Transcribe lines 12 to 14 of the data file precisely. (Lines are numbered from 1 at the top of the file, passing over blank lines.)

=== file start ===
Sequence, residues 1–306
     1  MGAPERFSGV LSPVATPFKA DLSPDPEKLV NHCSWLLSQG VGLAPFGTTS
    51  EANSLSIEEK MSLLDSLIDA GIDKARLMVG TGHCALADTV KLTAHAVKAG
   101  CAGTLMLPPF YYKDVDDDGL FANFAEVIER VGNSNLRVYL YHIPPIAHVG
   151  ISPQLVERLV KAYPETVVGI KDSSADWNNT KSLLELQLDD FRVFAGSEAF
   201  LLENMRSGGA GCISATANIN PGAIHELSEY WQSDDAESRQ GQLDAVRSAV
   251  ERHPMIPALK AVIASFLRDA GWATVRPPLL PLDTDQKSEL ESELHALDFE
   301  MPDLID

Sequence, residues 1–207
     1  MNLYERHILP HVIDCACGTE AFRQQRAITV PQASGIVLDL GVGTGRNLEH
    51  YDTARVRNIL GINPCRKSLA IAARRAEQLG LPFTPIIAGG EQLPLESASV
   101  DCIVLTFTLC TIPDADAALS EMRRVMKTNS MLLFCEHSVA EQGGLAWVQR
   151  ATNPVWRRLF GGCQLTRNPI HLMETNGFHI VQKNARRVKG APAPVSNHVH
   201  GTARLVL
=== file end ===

   101  DCIVLTFTLC TIPDADAALS EMRRVMKTNS MLLFCEHSVA EQGGLAWVQR
   151  ATNPVWRRLF GGCQLTRNPI HLMETNGFHI VQKNARRVKG APAPVSNHVH
   201  GTARLVL